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Reform of Alternative Dispute Resolution

New system within the EU in 2015

Commission puts forward proposals for faster, easier and cheaper solutions to disputes with traders.

In 2010, one in five European consumers encountered problems when buying goods and services in the single market. If a seller refuses to repair your laptop which broke down when under guarantee or if you cannot come to agreement with a travel agent over a refund for a ruined holiday, there are ways to sort it out without going to court. But, unfortunately, at this stage, out-of-court dispute resolution in the EU is possible only for some business sectors or in some areas.

Problem solution without a court

To tackle this issue, the European Commission unveiled today a package of legislative proposals to ensure that all EU consumers can solve their problems without going to court, regardless of the kind of product or service that the contractual dispute is about and regardless of where they bought it in the European single market (that is, at home or abroad). For consumers shopping online from another EU country, the Commission wants to create an EU-wide single online platform, which will allow to solve contractual disputes entirely online within 30 days.

Faster, cheaper and easier

Alternative dispute resolution (ADR) for consumers is faster, cheaper and easier to use than court proceedings. It is estimated that universal access to quality ADR across the EU will save consumers around €22.5 billion/year. It will also help businesses manage their customer relations and boost their corporate image. The Commission wants the new package of laws to help increase consumers’ confidence in the EU-wide single market, which means for them wider choice and better prices, thus contributing to the growth of EU economy.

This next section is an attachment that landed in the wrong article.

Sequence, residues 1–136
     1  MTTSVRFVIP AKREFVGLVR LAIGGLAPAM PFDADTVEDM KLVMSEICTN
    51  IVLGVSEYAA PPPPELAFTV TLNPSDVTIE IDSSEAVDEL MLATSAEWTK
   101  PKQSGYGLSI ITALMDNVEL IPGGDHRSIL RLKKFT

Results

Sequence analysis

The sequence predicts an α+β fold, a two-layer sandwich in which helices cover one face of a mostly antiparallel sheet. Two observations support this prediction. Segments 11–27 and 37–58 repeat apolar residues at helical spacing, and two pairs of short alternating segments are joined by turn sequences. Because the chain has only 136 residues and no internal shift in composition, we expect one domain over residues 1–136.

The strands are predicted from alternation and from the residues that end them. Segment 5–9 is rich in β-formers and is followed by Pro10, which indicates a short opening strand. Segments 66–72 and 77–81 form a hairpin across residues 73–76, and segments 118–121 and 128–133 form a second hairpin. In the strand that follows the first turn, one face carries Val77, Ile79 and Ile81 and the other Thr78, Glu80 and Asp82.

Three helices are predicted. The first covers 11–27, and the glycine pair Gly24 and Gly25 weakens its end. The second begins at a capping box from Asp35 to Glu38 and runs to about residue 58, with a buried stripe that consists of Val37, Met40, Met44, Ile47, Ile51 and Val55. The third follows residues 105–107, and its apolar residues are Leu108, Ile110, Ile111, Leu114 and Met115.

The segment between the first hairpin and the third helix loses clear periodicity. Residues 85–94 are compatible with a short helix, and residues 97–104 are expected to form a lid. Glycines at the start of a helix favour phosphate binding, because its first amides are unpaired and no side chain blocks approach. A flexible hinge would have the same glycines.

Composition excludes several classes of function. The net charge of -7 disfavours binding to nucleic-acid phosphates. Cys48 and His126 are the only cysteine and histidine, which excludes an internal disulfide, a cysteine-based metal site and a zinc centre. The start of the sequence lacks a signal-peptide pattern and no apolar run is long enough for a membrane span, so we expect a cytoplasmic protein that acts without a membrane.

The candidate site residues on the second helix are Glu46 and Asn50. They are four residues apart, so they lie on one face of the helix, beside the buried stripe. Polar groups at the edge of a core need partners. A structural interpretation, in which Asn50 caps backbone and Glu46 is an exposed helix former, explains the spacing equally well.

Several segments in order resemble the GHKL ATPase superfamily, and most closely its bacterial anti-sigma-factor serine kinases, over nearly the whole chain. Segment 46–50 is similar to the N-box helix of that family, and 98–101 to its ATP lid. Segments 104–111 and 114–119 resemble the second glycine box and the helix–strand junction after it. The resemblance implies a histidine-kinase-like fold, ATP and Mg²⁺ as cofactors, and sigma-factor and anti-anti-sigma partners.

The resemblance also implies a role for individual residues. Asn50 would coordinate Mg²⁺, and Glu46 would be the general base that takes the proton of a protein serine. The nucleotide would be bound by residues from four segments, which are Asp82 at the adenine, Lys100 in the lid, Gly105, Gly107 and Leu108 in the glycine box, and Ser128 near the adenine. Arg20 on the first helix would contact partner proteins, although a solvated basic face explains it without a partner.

Health and Consumers Commissioner, John Dalli said “It is unacceptable that so many consumer problems are left unresolved because consumers have no real effective means of solving disputes with traders. This affects their pockets and hurts their confidence; it also slows down European growth. Once adopted, the proposals that I am putting forward today, will help European consumers to use easy, quick and inexpensive ways to sort out their problems, wherever and however they purchase a product or service in the EU."

What has been adopted today?

The Directive on Alternative Dispute Resolution (ADR) will ensure that quality out-of-court entities exist to deal with any contractual dispute between a consumer and a business. Under the proposal:

  • ADR entities will have to meet certain quality criteria, i.e. be well-qualified impartial, transparent, effective and fair
  • businesses will inform customers about the ADR entity which can deal with a potential contractual dispute with them
  • ADR entities will resolve the disputes within 90 days.